He said strong international players were still in the market – but many, who purchased four or five years ago, had decided to offload their properties because they didn’t get their management right or found it wasn’t as lucrative as first thought.
JLL’s Chris Holgar said demand for Idracowra was strong because Alice Springs was a tightly held region.
“There was pent-up demand for additional landholdings from locals, as well as from domestic and offshore groups. They are now looking elsewhere because they have the ability to transact on other good quality assets,” he said.
Mr Holgar said eastern seaboard operators had been showing particular interest in the NT because it represented value from a breeding perspective.
He was confident transactions would continue at their current pace.
“There have been some exceptional sales, and I don’t believe the market has peaked. The price of land will rise once it rains. The question is whether volumes will increase, because some producers will enjoy the returns of higher cattle prices. The property market will be season-dependent,” he said.
NT property market overview – 2015-2019
According to the Northern Territory government, 45 percent of the NT’s land mass is held by 224 pastoral leases encompassing around 596,542sq km.
Pastoral leases currently for sale:
- 705,198ha Wollogorang and Wentworth Stations (Gulf of Carpentaria)
- 93,000ha Mary River West – (Katherine) – $4.9m
- 3318sq km Kiana (Tablelands/NT Gulf region) – $14m bare
- 581sq km Lakefield Station (Sturt Plateau)
- 447,500ha Murrunji Station (Katherine)
- 259, 000ha Broadmere Station (Borroloola)
- 586sq km Tarlee (Mataranka, Sturt Plateau)
CPC’s NT holdings still for sale
- 1788sq km Bunda Western (VRD)
- 4454sq km Dungowan (Katherine)
- 2304sq km Kirkimbie (VRD)
- 10,331sq km Newcastle Waters (Western Barkly Tableland)
A transaction yet to be settled is between prominent Northern Territory cattleman Tim Edmunds and well-known Central Australian, Tony Davis.
Mr Edmunds has entered into a long-term contract with Mr Davis to buy three adjoining Alice Springs cattle stations (259,000ha Narwietooma and the 308,000ha The Derwent and Glen Helen Stations) subject to Mr Edmunds securing overseas finance by the end of the year.
To date, 11 NT properties have sold in 2019, valued at well above $200m:
- January – 246,700ha Newry Station (VRD) – under contract
- January – 4142sq km Auvergne Station (VRD) – under contract
- February – 270,000ha Pine Hill Station (Alice Springs) – $12m (inc 5500hd mixed cattle)
- March – 3760sq km Kalala (Daly Waters) – $58m (WIWO)
- May – 265,600ha Epenarra (Alice Springs) $14m
- May – 3791sq km Manbulloo (Katherine) -$23.5m
- June – 2455sq km Ucharonidge (Tennant Creek) – $30m
- June – 381,700ha Suplejack (Alice Springs) – $21m (WIWO)
- July – 303,605ha Mt Skinner Station (Alice Springs) – $9m-$10m (inc 2615 head)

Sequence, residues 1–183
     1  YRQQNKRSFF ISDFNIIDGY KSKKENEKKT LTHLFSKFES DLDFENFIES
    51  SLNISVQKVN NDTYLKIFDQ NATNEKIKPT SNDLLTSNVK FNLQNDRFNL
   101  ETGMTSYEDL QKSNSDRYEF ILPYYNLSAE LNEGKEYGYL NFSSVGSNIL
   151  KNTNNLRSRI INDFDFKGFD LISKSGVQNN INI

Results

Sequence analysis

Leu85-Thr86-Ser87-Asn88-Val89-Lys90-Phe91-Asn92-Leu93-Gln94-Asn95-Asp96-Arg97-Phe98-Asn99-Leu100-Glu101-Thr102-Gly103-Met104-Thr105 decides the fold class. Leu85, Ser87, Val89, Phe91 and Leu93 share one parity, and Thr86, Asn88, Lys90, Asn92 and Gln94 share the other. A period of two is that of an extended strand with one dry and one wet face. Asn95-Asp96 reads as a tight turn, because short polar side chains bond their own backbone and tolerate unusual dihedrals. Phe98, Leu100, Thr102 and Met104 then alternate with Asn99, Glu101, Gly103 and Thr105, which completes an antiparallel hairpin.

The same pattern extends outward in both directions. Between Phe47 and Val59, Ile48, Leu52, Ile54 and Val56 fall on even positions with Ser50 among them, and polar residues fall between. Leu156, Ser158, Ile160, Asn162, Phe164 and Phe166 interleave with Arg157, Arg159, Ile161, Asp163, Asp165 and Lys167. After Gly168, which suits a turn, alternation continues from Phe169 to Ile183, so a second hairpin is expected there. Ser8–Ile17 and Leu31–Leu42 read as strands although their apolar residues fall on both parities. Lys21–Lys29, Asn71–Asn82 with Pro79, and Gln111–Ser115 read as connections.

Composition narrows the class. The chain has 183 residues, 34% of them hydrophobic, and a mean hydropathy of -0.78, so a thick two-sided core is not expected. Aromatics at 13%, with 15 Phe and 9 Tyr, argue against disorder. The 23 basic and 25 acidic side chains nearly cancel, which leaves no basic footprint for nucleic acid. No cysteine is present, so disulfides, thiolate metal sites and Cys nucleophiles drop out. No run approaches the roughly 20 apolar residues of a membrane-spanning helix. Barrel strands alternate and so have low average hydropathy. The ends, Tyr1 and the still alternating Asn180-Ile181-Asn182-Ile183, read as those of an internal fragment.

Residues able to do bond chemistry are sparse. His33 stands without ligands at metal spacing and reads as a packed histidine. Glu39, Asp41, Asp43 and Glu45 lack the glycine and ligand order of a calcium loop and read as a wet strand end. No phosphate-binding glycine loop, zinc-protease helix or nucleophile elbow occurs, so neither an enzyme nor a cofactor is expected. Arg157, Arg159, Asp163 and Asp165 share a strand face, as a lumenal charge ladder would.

- August – 462,800ha Idracowra (Alice Springs) more than $7m (WIWO) – under contract
- August – 101,850ha Scott Creek (Katherine) – $12m
In 2018, six NT pastoral leases changed hands and the value was $108m.
- March – 324,000ha Maryvale Station – $15m (inc 9500-10,000hd)
- May – 80,900ha Mt McMinn Station – $7.5m
- September – 607sq km Margaret Downs (Sturt Plateau district) – $5.8m (inc 5500hd)
- October – 895sq km Flying Fox (Roper District) – $12m (WIWO inc 6500hd)
- December – 70,700ha Big River Station – $5.5m
- December – 285,270ha Legune Station (Victoria River District) – $62m
In 2017, eight NT pastoral leases changed hands and the value was in excess of $117m.
- March – 147,510ha Aroona Station – $24m (inc 14,000hd)
- March – 300,000ha Ambildium – $45m
- April – 134,483ha Mary River East – $6m (WIWO)
- June – 550,000ha Napperby Station – $20m
- July – 2170sq km Coniston Station – $13m (WIWO)
- September – 139,200ha Conways Station – $9m (inc cattle)
- October – 170,000ha Willeroo Station – undisclosed
- October – 259, 000ha Broadmere – undisclosed
In 2016, 18 NT pastoral leases changed hands and the value was $350m – almost double the value achieved in the five years between 2010 to 2014.
- January – 121,000ha Delny & Delmore Downs – $4m
- April – 1090sq km Humbert River Station – $3.5m
- April – 72,300ha Lonesome Dove – $6m
- April – 3800sq km Old Mount Bundey – $4.5m
- April – 2700sq km Pine Hill – price undisclosed
- May – 16,116sq km Alexandria Station – $110m
- May – 1110sq km Hodgson River Station – $6.5m
- May – 4512sq km Benmara Station – $12m
- July – 5000sq km Inverway & Riveren Stations – $60m
- August – 2022sq km Numery Station – $4.85m
- August – 42,896ha Wyworrie Station – $4.25m
- August – 6800sq km Manners Creek – $15m
- September –2700sq km Tipperary Station – $50m
- September – 57,560ha Florina Station – $7m
- September – 2000sq km Vermelha – $18m
- November – 2950sq km Singleton Station – around $4.75
- December –1873sq km Ban Ban Springs Station – $10m
- December – 1627sq km Bullo River Station – $15m
In 2015, 12 NT pastoral leases transacted to the tune of $215m – which, at the time, was a massive 70 percent increase.
- February – 1788sq km Bunda Station – $15m
- March – 60,000ha Stapleton Station – $3m
- March – 2300sq km Moroak & Goondooloo Stations – $17.5m
- April – 1550sq km Douglas Station – $8m
- June – 4080sq km Aileron – $10m
- July – 7057sq km Wollogorang & Wentworth Stations – $47m
- August – 1627sq km Bullo River Station – $9.5m
- August – 3080sq km Derwent & Glen Helen Stations – $11.5m
- November – 8250sq km Murray Downs & Epenarra Stations – $20m
- December – 9997sq km Walhallow and Cresswell Downs – $56m
- December – 2700sq km MacDonald Downs – $8.6m
- December – 2590sq km Narwietooma – $8.75m
HTW figures show from 2010-2014, value of sales totalled $176m.
- 2014 – $66.8m – nine sales
- 2013 – $56.8m – five sales
- 2012 – $24.5m – two sales
- 2011 – $14.6m – four sales (live export suspension mid 2011)
- 2010 – $12.9m – three sales (GFC & 350kg live export weight restrictions introduced).